Twenty years later, studies of email communication reveal a different situation. Bellotti and Ducheneaut’s enlightening study points out that email is, these days, the central application of organizational life. Their respondents “live” in email; across all sorts of job functions, they report that email is their primary application, the one that is never exited, and it is through their email that people manage contact lists, to do lists, store files, schedule meetings, etc. Email, similarly, is the primary form of organizational communication; it is the most likely mechanism by which work is assigned or reports are filed. For example, Markus notes a “corporate reliance on email to replace all communication” and describes email use as “a condition of employment” which spread first to the senior executives and then to their subordinates. By 1987, the CEO in their study claimed that “all managers […] used email daily as a fundamental way of doing intraorganizational business”. So, while email arrived in organizations rather awkwardly, fitting poorly into the expected patterns of use, it has now become thoroughly institutionalized. Email and organizational life line up once more.
We have found the difference between earlier and more recent uses of email particularly striking in the context of a recent study we have conducted into communicative practices among college students. In particular, we were interested in their uses of IM.
College students occupy an interesting middle ground between the teen users and the workplace users who have been the subjects of other studies. Certainly, our data bears out earlier observations. Our informants refer to IM as an “informal,” “instantaneous”, “direct,” “interactive” medium: one for talking with friends, for social interaction, often that “doesn’t take a lot of thought.”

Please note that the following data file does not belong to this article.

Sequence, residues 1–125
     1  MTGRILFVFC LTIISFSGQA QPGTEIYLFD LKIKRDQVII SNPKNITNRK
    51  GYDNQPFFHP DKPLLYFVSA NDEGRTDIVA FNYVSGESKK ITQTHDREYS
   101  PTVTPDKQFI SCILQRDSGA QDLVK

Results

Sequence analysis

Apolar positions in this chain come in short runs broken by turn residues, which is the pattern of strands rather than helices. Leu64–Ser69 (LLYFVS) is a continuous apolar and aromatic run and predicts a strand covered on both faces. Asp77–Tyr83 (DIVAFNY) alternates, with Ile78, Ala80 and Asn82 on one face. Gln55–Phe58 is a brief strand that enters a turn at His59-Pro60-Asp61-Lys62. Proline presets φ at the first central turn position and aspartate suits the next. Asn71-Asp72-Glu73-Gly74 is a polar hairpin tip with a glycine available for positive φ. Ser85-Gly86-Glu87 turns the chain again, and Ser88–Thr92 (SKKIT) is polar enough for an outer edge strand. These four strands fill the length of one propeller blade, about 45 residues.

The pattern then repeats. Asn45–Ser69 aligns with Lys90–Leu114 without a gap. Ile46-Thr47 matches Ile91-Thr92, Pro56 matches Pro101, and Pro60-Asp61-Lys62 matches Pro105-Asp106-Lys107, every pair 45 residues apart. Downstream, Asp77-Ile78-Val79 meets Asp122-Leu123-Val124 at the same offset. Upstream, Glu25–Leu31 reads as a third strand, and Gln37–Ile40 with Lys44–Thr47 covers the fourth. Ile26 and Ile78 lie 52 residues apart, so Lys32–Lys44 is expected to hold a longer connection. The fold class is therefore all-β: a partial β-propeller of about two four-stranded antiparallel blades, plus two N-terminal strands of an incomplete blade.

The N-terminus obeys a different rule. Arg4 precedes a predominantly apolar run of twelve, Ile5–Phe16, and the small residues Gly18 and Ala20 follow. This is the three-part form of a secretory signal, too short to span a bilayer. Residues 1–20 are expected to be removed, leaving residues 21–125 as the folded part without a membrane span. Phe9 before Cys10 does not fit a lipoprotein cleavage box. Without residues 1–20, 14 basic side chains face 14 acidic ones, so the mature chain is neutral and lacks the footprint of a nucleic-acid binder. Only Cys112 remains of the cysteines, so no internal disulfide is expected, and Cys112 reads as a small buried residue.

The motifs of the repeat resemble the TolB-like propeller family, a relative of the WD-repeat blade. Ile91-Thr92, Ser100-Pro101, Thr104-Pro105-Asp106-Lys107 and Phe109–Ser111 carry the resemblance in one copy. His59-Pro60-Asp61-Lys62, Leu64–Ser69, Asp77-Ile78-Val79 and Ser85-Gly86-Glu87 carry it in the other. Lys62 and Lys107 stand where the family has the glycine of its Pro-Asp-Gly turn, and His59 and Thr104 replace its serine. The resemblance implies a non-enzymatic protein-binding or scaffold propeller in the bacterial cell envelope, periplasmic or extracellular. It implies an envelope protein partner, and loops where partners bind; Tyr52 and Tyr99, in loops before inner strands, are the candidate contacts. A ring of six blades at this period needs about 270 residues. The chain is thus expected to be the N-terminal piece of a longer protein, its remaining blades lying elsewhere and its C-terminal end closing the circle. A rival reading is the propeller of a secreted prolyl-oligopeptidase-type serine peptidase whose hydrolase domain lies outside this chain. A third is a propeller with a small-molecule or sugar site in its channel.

Our respondents are very attentive to the impressions given by different communication media, and these concerns affect their media choices. For instance, one reported, “Email tends to be more serious. … It’s easy because you don’t have to send it right away. It’s easy to make it formal and send it when you want”. They are conscious, too, of different media choices among different groups: “People like professors use email more, not IM. But a teacher doesn’t want to give out their screen name.”
Most importantly, though, their descriptions of media reflect aspects of the relationships they have with their conversational participants. In particular, for example, they distinguish between communication between peers, and communication with others in positions of power:
“Typically you use email to communicate with your boss or perspective employer”.
The formality of the conversation is linked to the sorts of communication that needs to be carried out. For instance, interactions over administrative issues and interactions with their professors are marked by a need to present a professional, thoughtful and competent image: